When our bodies don’t work the way we want them to, it can be hard to talk about. Erectile dysfunction (ED) is no exception. But the frustration, embarrassment and stress that it can cause aren’t things that you have to put up with – because ED is highly treatable.
Keep reading for a complete definition of ED, explanations of different causes and contributing factors, and an overview of ED treatment options.
Understanding the symptoms of erectile dysfunction
ED isn’t limited to the complete inability to get an erection. While that is one form of dysfunction, symptoms of ED can also include:
- Inconsistent ability to get an erection when you want to have sex.
- Erections not lasting long enough for satisfying sex.
Causes of erectile dysfunction
There’s a variety of physical and mental factors that can cause or contribute to ED, generally by doing one of the following:
- Affecting blood flow to the penis
- Affecting signals between the brain and the penis
- Damaging nerves in the penis
Health conditions that can cause ED
Because of the different ways that ED can be caused, there are a number of health conditions that are associated with it.
For example, blood flow can be impacted by issues like blood vessel and heart conditions, high cholesterol and atherosclerosis. And nerve issues can result from conditions like diabetes, Parkinson’s disease, multiple sclerosis and some treatments for pelvic cancers.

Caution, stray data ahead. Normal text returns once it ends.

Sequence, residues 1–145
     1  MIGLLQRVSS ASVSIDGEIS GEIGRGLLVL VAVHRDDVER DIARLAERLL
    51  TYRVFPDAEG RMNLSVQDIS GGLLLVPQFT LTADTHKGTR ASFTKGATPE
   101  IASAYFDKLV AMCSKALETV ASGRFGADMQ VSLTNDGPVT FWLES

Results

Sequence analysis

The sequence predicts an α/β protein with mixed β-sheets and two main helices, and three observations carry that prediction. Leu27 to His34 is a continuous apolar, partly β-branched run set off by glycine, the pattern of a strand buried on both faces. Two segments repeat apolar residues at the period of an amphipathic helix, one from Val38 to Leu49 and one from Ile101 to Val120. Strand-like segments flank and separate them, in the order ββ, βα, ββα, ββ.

Other health conditions that can contribute to ED include:
- Peyronie’s disease
- Low testosterone
- Injury to the penis, other pelvic organs or spinal cord
Medicines that can cause ED
Erectile dysfunction can be a side effect of certain medicines. The most common examples are blood pressure medicines, specifically diuretics (such as chlorothiazide and furosemide) and beta-blockers (such as metoprolol and atenolol), which can decrease blood flow to the penis.
Antidepressants are also commonly associated with ED, as they can make it harder both to get erections and to reach orgasm. They’re also associated with decreased sex drive in general. All antidepressants have a chance of causing ED, but selective serotonin reuptake inhibitors (SSRIs) like Lexapro, Prozac and Zoloft are the most likely.
Other medicines that can contribute to ED include:
- Antihistamines and H2 blockers – In addition to allergic reactions and acid reflux, histamine plays a role in erectile function.
- Opioids – Long-term opioid use is associated with low testosterone levels and ED.
Psychological causes of ED
Sex requires the cooperation of your body and mind. So negative emotions like stress, fear or guilt can make it hard to get and maintain an erection, even without any other underlying health issues. The same goes for mental health conditions like anxiety and depression.
Worry about sexual performance is a common example of a negative feeling that can contribute to ED. And if that worry comes from noticing symptoms of ED, it may create additional stress or anxiety. But it’s important to note that negative feelings don’t have to be related to sex to interfere with it. It can be harder to get and stay in the mood if you work a very stressful job, for example.
Lifestyle factors that can contribute to ED